Coopersmith 2010 Oxford Univ Press

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Coopersmith J (2010) Energy, the subtle concept. Oxford Univ Press:400 pp.

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Coopersmith J (2010) Oxford Univ Press

Abstract:

Some citations

  • Also the historical sequence of events is surprising. The steam age was well under way - steam locomotives pulling trains and steam engines powering industry - decades before 'energy' had been discovered and its conservation stated as the First Law of Thermodynamics. Also, the Second Law trumped the First Law by being discovered first, then came the Third Law, and the Zeroth Law was last of all.
  • Peripatetic school around 300 BC: .. when the motive force is further from the lever, it will cause a greater movement.
  • The idea of a perpetually acting device appears to have originated in India, where a perpetually rotating wheel had religious significance, symbolizing eternal cycles such as the cycle of reincarnation (wheel symbols often appear in Indian temples).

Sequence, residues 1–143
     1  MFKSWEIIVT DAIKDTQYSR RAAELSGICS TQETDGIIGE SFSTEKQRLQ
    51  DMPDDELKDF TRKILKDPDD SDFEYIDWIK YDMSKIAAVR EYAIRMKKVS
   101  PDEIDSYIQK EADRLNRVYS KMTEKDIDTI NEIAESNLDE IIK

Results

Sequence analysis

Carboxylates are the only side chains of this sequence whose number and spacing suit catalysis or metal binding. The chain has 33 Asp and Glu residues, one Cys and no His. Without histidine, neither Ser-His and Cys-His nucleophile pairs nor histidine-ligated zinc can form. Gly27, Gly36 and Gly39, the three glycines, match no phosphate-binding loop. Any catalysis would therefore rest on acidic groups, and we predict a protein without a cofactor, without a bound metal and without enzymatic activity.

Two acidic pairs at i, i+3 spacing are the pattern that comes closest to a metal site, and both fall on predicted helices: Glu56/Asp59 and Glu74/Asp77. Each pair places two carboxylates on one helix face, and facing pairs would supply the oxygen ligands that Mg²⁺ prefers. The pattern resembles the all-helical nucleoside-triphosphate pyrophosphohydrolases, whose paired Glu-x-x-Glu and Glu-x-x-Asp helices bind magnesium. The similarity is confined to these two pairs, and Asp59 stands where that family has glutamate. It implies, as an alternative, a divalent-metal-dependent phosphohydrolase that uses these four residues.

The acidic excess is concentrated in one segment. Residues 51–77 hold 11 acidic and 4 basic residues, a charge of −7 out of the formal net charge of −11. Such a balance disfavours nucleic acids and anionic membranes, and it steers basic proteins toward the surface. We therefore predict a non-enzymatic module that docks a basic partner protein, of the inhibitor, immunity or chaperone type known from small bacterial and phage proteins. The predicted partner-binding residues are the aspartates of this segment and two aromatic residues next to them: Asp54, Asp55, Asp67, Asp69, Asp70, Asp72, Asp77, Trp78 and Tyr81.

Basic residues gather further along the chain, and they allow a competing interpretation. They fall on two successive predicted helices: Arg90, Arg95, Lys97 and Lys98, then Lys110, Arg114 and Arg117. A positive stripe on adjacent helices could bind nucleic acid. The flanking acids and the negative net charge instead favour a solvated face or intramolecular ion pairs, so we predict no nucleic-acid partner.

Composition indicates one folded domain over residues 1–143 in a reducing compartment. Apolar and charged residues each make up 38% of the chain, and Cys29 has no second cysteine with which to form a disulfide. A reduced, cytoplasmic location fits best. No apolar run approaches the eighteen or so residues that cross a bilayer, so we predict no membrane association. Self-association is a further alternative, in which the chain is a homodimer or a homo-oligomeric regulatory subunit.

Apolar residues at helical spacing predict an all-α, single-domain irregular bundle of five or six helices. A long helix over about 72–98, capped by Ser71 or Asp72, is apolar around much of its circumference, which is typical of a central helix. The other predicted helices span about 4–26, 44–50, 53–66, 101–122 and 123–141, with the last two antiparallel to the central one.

• Descartes' measure for action is identical to our measure for work (against gravity) and as such is the very start of our quest for the concept of energy.
  • Newton's Second Law of Motion: The alteration of motion is ever proportional to the motive force impressed; and is made in the direction of the right line in which that force is impressed. - 'Alteration of motion' was ambiguous. It meant 'rate of alteration of motion' - or acceleration.
  • Leibniz: ' .. active forces are preserved in the world.' .. The equivalence of this active force to our concept of energy is striking, especially when we realize that Leibniz's concept of force is not Newton's, but is given by the quantity m·v2.